By: Ar. Khozema Chitalwala, Principal Architect & Designer, Designers Group
Specializing in interiors and foraying into architecture, Khozema is today recognized in the industry as a seasoned artist who excels in imaginatively transforming simple spaces into well-designed ambiances of delight and aesthetics.
The COVID-19 pandemic has thrust maximum of the world's population into an unforeseen scenario that is work from home (WFH).Over the past couple of months, there has been a dynamic alter in workspace culture with the sudden uptick in remote working and the shift of the working populace to home offices rather than one close-door studio.
Therefore, the corporate sector has been facing multiple challenges in managing the teams, keeping aside the inclination towards profit. The business heads of companies had to make the best of the current situation while trying to deliver results on strict schedules.
Khozema has also been trying to maintain a perennial approach of communication and problem solving with his employees to manage deliverables and deadlines. With a lack of structure and constant distractions coupled with the personnel obstructions has resulted in a significant compilation of work in phase 1. The pandemic fatigue has also had adverse effects on the employees, resulting in low productivity, anxiety, and stress for workers.
Since the remote working trend is here to stay with us now, as a significant portion of employees are expected to remain in this setting post-COVID as well; the employers have a responsibility to consider the experience of their workers that are most affected by work-from-home burnout and to create an inclusive remote culture that can benefit their entire organization.
Following are some steps that Designers Group is taking in order to Protect its Employees from Burnout during and after the Pandemic in Phase 2: 1.Check-In With The Employees:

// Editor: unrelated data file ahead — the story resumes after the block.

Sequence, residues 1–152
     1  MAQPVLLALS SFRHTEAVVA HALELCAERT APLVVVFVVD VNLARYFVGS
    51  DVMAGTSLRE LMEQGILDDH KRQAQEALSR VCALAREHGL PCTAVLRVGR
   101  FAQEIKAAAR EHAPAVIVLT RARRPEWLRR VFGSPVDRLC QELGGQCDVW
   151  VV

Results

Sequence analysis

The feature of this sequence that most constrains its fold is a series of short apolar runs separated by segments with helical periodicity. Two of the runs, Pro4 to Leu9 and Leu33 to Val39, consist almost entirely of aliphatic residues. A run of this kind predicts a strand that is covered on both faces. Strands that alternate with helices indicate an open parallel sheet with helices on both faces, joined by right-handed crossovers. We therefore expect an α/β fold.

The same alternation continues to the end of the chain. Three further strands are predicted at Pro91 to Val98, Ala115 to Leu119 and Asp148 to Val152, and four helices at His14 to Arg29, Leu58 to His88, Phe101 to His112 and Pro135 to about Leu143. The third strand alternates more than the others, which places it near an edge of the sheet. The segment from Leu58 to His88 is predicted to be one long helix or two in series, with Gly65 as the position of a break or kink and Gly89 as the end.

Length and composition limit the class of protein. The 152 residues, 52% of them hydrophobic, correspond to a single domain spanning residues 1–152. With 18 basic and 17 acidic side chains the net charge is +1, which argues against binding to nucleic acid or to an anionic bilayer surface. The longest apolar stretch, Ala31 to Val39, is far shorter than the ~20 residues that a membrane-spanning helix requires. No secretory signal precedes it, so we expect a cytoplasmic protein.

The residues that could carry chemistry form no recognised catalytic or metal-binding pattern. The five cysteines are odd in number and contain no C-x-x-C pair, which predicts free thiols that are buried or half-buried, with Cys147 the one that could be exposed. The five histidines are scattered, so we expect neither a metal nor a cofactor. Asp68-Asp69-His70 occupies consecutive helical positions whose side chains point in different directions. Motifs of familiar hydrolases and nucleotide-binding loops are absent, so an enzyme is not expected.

Not all employees are upfront to discuss their problems with the management. It is the employers' responsibility to comprehend their requirements and how they're doing. Culminating an inclusive remote culture starts with hearing out all employees and making fair and appropriate accommodations for them. The simple act of communicating can relieve ambiguity and anxiety.
2.Offer Flexible Work When Possible:
Certain companies insist their employees to continue being on computers during regular work hours. The management at Designers Group believes that, "While some tasks and decisions need to be completed synchronously, leaders should consider if all the work at hand needs to happen this way". Allowing for some asynchronous collaboration grants employees the flexibility to manage other responsibilities as well (as most of them currently are). Flexibility can bring both sanity and comfort. It can also become a competitive advantage for an organization.
3.Off Time & Mental Breaks:
Rotating meetings between times at the convenience (and inconvenience) of every individual can also help. While working from home may make it seem like employees are always available, recovery time in these tough times is also important and employees must get to schedule time to be `off'. Taking breaks and switching tasks not only recharges energy, but also induces skills like creative thinking and problem solving.
The pandemic has followed us into 2021, and remote work is expected to remain a norm both during and after the pandemic world. Employers increasingly have the responsibility to ensure their employees' well-being and take proactive steps to make operational changes. We can build better organizations by paying attention to those workers most susceptible to pandemic fatigue and burnout.